If you’re looking for a gay person in the Twin Cities over Memorial Day weekend, check the local sports facilities.

Nearly 2,000 members of the lesbian, gay, bisexual, transgender, queer or questioning and intersex community, from 18 to 60-something, will compete in three sporting events over the holiday weekend.

The athletes, more than half of whom are from out of town, will hit home runs at fields in Burnsville and Eagan for the annual North Star Classic and the elite North American Gay Amateur Athletic Association Cup (NAGAAA). They’ll also serve up aces in the Minneapolis Convention Center for the North American Gay Volleyball Association (NAGVA) national championships.

About 900 softball players from 75 teams will compete at Burnsville’s Lac Lavon fields and Eagan’s Lexington-Diffley and Northview Park fields. And while tournament director Todd Trebesch estimates that 85 percent of the athletes are men, women and straight athletes, male and female, will also compete.

“Because of circumstances in the ’70s and ’80s, when being a homosexual wasn’t as accepted, there has been a significant change in the comfort of having straight allies involved,” he said. “When I joined the league in 2004, my initial team had two or three allies. Some teams have more now, some are mixed, some are strictly LGBTQI.”

Spectators are welcome at the games, which begin Friday morning and run through Sunday, and admission is free.

That’s also true inside the Convention Center, where 18 volleyball courts will feature about 900 athletes on 100 teams from the United States, Canada and Puerto Rico.

“We’ve had people who played professionally, people who played on their country’s national team, who’ve played Division I collegiate volleyball. I think a couple of women have even played in the Olympics,” said Jason Fallon, the Ohio-based president of NAGVA, who would be playing with his team, Loud and Proud, if he hadn’t dislocated his shoulder.

“It’s amazing competition, watching those matches,” he said.

Eric D. Nelson, of Minneapolis, is on the NAGVA board and has played in 18 tournaments. And while the games can be fiercely competitive, he said, they’re about more than just winning.

“It’s really all about the people,” said Nelson, a software test engineer for Seagate Technology. “There are people I haven’t seen since the tournament last year.”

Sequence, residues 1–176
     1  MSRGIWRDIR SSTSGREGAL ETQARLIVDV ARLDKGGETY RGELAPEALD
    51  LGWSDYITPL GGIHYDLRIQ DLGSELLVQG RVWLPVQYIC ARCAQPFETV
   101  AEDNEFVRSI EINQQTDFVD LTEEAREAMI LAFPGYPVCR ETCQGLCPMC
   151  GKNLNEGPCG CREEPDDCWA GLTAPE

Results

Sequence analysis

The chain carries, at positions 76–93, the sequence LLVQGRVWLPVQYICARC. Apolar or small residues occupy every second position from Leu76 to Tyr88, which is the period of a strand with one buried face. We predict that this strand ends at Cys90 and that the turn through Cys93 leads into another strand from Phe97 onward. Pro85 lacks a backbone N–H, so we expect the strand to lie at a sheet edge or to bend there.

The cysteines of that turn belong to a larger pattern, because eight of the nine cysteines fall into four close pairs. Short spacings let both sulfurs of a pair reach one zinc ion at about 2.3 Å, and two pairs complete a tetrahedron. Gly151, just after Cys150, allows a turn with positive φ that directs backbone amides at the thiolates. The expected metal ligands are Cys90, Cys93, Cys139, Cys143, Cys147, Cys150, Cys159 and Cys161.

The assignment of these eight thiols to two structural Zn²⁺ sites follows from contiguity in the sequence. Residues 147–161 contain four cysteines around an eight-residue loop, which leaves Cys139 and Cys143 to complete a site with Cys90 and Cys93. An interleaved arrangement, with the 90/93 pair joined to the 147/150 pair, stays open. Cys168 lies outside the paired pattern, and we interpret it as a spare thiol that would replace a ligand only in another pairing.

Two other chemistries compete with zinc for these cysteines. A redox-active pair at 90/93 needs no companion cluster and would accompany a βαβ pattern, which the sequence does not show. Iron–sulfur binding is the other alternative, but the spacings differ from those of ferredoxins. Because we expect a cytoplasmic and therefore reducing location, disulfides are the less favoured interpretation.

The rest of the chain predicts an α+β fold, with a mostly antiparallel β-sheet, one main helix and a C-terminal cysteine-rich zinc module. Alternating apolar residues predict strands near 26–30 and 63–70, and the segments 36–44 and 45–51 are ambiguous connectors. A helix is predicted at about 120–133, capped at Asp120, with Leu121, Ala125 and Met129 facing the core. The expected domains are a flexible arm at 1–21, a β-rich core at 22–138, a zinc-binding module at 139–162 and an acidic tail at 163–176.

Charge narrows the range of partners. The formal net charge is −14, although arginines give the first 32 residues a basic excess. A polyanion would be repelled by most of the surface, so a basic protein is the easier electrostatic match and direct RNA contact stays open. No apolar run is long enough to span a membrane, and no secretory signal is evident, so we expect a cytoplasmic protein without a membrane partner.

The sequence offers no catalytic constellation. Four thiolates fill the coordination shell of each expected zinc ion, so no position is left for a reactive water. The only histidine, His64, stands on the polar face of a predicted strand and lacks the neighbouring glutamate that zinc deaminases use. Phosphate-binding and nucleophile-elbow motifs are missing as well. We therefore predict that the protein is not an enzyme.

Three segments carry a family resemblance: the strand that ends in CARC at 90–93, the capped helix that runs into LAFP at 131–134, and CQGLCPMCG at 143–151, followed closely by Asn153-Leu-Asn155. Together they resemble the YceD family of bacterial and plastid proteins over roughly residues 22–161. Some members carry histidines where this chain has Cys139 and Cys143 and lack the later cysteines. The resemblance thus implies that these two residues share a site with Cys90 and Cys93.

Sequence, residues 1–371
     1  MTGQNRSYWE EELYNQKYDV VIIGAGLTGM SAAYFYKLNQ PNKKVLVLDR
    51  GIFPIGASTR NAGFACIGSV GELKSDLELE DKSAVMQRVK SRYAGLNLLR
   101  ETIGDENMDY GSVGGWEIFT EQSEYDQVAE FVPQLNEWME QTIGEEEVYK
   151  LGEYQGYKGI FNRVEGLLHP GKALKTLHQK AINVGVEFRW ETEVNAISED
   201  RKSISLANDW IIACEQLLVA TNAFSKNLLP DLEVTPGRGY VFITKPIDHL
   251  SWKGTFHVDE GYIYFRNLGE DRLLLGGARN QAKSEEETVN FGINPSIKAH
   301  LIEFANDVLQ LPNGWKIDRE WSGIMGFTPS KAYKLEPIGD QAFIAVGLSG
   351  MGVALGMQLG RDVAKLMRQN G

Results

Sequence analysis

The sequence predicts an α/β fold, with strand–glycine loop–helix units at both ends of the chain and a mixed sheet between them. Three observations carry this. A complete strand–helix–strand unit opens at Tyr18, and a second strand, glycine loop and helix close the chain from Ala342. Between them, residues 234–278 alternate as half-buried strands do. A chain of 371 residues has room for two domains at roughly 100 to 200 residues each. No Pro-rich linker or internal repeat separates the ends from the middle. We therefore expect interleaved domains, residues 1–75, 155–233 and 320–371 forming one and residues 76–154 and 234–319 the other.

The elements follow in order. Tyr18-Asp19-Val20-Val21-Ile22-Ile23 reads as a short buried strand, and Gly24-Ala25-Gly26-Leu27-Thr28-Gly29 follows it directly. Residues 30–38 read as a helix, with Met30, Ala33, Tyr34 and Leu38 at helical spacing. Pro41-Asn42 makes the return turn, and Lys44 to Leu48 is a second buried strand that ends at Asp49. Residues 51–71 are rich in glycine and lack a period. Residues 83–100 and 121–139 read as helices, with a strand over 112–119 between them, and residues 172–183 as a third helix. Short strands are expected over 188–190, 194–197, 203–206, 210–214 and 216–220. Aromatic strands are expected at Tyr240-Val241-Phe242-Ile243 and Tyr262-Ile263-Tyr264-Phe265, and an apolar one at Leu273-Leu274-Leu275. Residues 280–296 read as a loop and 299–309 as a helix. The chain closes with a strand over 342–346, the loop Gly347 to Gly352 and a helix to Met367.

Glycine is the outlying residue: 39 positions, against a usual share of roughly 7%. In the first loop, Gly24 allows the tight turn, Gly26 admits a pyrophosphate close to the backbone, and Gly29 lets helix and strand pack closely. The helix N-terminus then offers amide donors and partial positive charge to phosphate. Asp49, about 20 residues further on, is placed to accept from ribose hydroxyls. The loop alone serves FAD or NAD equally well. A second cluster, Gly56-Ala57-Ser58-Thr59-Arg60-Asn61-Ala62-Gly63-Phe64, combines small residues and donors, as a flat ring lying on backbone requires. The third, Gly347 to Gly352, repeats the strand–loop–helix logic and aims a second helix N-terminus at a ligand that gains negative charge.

Even as the world has become more hospitable for LGBTQI people, Nelson said, organizations such as NAGVA — and the Twin Cities Goodtime Softball League, which hosts the softball tourneys — remain important.

“I know for me, when you’re coming out, you’re nervous, you’re maybe out but not super-public about it yet and you go to volleyball, where you find this big, welcoming atmosphere,” he said. “When I came out, there weren’t that many opportunities to do that: It was go to the bar or here’s this other thing you could do.

“What’s so different now is that there are a lot of straight allies involved, which was rare when I started. They’re playing because it’s a blast and it’s really good competition.”

Good for business

It’s good business, too, with hundreds of people visiting Twin Cities area hotels, restaurants and bars.

Not all of the NAGVA team names are printable, but monikers such as Victorious Secret and Midwest Hot Mess Express suggest athletes who also enjoy a cocktail or three.

“We’ll be busy on Friday, but we’ll be blown out of the water when the tournament’s over. It’s one of our busiest Sundays of the year,” said Ed Hopkins, who owns the Eagle Bolt Bar in downtown Minneapolis, site of the softball after-party Sunday at 10 p.m. He said locals tend not to mind that the bar is overrun by out-of-town athletes looking to get their drink on.

“People do not just come to play volleyball,” Nelson said. “It’s also about the social aspect and about partying with your friends,” adding that it can be fun to be in a situation where straight “allies” find themselves in the minority, instead of the other way around.

Organizers emphasize that the sports events are about inclusion.

“On my team, I have a straight male setter and a straight female libero,” or back-row player, Fallon said. “They love playing in these tournaments because it’s such a genuinely nice sport to play.

“It makes me proud to be part of the organization when such a diverse array of individuals play: lesbian, gay, transgender, questioning and straight allies alike.”